If you have a job in a high-risk profession, in the United States your company has legal responsibilities to help protect you from hazardous chemicals. Under guidelines established by the Occupational Safety and Health Administration (OSHA), your employer is required to do the following:

  • Inform you if you'll be working with any hazardous chemicals.
  • Train you how to safely handle these chemicals.
  • Train you how to respond to an emergency, such as a chemical spill.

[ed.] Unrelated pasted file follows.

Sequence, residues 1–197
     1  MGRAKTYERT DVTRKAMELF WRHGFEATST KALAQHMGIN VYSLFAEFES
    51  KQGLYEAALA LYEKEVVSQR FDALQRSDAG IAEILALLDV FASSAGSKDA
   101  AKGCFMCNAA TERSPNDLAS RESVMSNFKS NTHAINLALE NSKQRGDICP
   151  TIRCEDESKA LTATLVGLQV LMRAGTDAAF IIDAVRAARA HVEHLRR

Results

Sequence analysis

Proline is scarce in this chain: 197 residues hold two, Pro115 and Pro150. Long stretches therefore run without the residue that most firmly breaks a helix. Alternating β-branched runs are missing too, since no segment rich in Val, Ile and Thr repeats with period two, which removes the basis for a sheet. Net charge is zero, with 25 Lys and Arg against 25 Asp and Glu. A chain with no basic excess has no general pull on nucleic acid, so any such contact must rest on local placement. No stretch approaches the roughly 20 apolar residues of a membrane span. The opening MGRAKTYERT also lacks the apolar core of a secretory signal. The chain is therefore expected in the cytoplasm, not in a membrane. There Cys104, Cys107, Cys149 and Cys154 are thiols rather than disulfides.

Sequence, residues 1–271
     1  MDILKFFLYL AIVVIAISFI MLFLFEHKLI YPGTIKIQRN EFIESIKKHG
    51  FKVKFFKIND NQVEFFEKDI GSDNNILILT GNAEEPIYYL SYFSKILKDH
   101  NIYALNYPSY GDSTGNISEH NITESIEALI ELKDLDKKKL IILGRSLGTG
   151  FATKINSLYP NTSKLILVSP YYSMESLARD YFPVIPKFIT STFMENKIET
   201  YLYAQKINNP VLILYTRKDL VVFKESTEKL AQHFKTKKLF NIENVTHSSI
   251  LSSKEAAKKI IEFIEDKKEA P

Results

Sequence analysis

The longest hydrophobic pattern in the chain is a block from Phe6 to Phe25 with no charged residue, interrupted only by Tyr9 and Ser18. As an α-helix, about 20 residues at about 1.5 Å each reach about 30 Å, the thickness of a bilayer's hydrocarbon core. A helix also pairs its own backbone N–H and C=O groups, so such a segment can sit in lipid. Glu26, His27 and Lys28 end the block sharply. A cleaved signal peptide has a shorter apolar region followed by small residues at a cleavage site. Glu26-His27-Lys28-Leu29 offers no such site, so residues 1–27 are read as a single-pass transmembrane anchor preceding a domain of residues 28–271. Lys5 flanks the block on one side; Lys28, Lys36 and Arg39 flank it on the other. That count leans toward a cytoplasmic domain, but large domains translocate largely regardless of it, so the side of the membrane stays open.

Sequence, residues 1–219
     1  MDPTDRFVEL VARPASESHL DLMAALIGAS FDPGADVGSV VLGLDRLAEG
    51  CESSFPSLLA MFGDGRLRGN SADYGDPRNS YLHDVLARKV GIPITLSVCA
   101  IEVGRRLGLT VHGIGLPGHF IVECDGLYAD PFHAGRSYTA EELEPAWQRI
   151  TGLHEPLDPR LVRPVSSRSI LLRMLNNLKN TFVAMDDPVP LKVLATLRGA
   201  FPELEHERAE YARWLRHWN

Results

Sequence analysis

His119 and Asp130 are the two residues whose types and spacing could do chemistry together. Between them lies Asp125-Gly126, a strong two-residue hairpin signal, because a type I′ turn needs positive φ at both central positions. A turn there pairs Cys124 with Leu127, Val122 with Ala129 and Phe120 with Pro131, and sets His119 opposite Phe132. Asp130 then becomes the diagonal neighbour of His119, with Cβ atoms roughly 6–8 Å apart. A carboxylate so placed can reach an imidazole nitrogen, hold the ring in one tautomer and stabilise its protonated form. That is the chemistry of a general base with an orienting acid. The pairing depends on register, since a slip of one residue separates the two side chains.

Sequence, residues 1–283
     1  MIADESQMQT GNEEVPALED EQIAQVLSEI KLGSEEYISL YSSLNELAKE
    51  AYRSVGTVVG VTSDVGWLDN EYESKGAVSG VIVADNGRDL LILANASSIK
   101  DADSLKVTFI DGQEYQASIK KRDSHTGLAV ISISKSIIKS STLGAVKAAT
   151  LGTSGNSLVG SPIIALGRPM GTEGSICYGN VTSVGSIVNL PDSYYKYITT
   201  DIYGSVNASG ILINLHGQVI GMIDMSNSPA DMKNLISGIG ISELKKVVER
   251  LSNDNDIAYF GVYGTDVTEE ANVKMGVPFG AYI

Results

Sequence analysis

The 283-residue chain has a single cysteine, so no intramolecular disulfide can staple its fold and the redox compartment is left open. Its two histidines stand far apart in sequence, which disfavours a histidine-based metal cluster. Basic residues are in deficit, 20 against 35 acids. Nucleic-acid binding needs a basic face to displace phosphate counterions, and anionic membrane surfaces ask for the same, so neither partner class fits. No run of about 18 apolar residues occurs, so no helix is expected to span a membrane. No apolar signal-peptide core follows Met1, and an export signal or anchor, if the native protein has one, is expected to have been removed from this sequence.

• Provide protective gear, such as masks and respirators.
  • Offer additional training if a new chemical is introduced to your workplace.

Under OSHA guidelines, your employer is required to keep a material safety data sheet (MSDS) for each hazardous chemical that's used in your workplace. This is a document that must be submitted by the chemical's manufacturer to your employer. You have a legal right to see and copy such documents. If you suspect you're allergic to a certain substance, show the material safety data sheet to your doctor.

While at work, be alert for unsafe and unhealthy working conditions and report them to your supervisor. If necessary, call OSHA at 800-321-OSHA (800-321-6742) and ask for an on-site inspection. You can do this so that your name won't be revealed to your employer.

June 12, 2014